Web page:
Volume 15, Number 2, June 2009
Copyright © 2009 Society for Music Theory
Review of Jane Piper Clendinning and Elizabeth West Marvin, The Musician’s Guide to Theory and Analysis (New York: W.W. Norton, 2005)
 Jane Piper Clendinning and Elizabeth West Marvin’s combined knowledge and experience in the areas of music analysis, music theory pedagogy, and service to our discipline is noteworthy. When these two respected scholars and teachers joined forces to create The Musician’s Guide series of music theory, aural skills, and fundamentals texts with Joel Phillips, the result was bound to be significant. This review focuses on Clendinning and Marvin’s The Musician’s Guide to Theory and Analysis with supporting workbook, anthology, and compact discs.
 The first thing one notices upon receiving this text is the abundance of supporting materials. Clendinning and Marvin support the musical examples and concepts in their text with compact disc recordings of the excerpts and an anthology with complete movements and works. Gone for the instructor who adopts their text is the task of hunting for complete scores and recordings to accompany the few measures from each composition that usually exist in the body of a textbook, or fumbling with the CD player in front of one’s class to find the relevant few measures in recordings of complete works.
 When planning their music theory text, the authors clearly considered the diverse experiences of the first-semester freshman class. The text contains one hundred thirty-two pages of fundamentals material in Part I, Building a Musical Vocabulary: Basic Elements of Pitch and Rhythm. The authors take a spiral approach. Chapter two focuses only on simple meters and chapter three only on major keys. Chapter four returns to meters, this time compound, and chapter five returns to key signatures, now adding parallel and relative minor keys and modes. Pitches and pitch classes are the focus of the opening chapter, and, in chapter six, the authors develop this concept further with a discussion of pitch intervals. Part I concludes with triads and seventh chords. One of the striking features of this opening section is its focus on measures 1–5a of J.S. Bach’s Brandenburg Concerto No. 4, second movement. While seeing the opening page of this score on page three of the text may at first be daunting to students, the subsequent unpacking of the concepts required to read the score provides a sense of accomplishment when the example appears again on page sixty-one. Now, the students who have been exposed to the basics of pitch and rhythm notation, simple meters, and major and minor keys have a clearer understanding of the musical notational system used in the score.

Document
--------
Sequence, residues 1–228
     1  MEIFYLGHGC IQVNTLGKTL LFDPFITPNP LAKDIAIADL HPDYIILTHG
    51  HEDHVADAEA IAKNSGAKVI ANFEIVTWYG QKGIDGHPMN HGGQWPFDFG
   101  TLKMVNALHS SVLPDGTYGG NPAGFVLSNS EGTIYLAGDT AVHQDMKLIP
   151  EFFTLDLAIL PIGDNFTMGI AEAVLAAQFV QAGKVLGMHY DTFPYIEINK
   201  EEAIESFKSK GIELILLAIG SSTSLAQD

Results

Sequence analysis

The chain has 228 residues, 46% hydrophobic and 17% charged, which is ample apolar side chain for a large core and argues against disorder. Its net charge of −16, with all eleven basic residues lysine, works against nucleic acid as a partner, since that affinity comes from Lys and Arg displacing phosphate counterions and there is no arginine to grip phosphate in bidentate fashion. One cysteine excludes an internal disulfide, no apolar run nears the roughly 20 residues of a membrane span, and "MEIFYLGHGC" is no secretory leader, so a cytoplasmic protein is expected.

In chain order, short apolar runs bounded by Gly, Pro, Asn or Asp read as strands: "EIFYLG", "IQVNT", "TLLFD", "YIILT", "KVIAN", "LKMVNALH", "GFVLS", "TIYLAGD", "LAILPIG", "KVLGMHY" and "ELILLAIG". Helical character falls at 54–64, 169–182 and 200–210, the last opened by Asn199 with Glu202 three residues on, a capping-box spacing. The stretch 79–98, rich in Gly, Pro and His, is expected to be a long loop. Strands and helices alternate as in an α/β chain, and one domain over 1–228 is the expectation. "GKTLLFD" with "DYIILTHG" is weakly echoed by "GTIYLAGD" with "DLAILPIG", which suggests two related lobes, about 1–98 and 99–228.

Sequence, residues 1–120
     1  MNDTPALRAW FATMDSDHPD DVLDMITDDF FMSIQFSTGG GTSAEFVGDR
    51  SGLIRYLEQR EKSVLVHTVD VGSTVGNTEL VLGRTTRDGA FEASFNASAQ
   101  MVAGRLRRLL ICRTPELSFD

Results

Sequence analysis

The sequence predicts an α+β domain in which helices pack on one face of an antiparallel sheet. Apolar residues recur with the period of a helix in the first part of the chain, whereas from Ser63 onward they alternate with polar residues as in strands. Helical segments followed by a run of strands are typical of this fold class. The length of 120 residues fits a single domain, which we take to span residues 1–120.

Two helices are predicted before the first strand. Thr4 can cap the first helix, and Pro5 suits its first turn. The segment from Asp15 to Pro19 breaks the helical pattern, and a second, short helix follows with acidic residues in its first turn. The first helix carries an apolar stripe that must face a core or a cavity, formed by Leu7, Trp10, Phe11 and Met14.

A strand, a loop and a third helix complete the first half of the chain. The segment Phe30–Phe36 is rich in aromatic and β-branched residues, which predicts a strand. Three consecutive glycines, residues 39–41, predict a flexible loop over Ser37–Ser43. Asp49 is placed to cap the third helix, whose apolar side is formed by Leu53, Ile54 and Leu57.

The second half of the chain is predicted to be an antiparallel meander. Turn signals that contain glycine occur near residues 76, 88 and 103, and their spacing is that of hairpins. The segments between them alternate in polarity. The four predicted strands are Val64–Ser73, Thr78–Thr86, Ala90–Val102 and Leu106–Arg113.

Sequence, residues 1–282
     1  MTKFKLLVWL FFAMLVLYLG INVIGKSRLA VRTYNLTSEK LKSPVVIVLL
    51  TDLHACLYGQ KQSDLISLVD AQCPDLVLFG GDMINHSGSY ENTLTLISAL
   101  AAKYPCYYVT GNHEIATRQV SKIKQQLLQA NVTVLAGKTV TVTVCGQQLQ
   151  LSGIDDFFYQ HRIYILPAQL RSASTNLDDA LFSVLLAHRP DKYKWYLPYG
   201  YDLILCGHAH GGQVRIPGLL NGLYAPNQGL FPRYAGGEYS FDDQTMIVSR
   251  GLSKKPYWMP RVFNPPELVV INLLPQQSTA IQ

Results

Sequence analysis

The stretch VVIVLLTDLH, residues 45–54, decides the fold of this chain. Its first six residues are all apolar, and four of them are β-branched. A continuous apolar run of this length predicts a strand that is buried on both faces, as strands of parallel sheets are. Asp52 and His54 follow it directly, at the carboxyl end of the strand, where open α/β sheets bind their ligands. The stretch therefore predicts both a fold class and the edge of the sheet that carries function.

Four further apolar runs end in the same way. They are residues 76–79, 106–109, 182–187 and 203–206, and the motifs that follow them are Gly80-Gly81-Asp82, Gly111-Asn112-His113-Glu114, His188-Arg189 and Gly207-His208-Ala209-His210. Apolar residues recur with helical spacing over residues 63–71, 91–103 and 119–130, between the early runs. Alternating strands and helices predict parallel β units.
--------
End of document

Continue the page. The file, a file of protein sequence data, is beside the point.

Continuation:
Another issue that the authors address in their text is the presentation of material in a manner that draws students to key concepts and terms. Each chapter title page contains an outline of topics covered, an overview, and a list of repertoire. Clendinning and Marvin place “Key Concepts” in bold blue-colored boxes throughout the text. They place “Terms You Should Know” in alphabetical order at the end of each chapter along with “Questions for Review.” The terms collected at the end of each chapter also appear in bold type in the body of the chapter. The authors provide practice exercises within the text that emulate those offered in the accompanying workbook.
 When preparing to teach the first semester of freshman music theory, the following question is crucial: how (and why) do I introduce part-writing now that my students possess a basic musical vocabulary? Some texts move directly to writing music in four voices; others, while following this strategy, include an appendix with species counterpoint rules and examples (Gauldin 2004). In Part II: Linking Musical Elements in Time, Clendinning and Marvin begin their presentation of part-writing with two chapters covering two-voice composition. Here, they discuss consonance and dissonance between two voices before introducing the more complex four-voice part-writing model. This promotion of comprehensive species-counterpoint instruction into the main body of the text and the first semester music theory curriculum is refreshing and logical. In his Complete Musician: An Integrated Approach To Tonal Theory, Analysis, and Listening, Steven Laitz takes a similar but less comprehensive approach by introducing first- and second species-counterpoint in the main body of the text—this is more detailed in the second edition than in the first (Laitz 2007).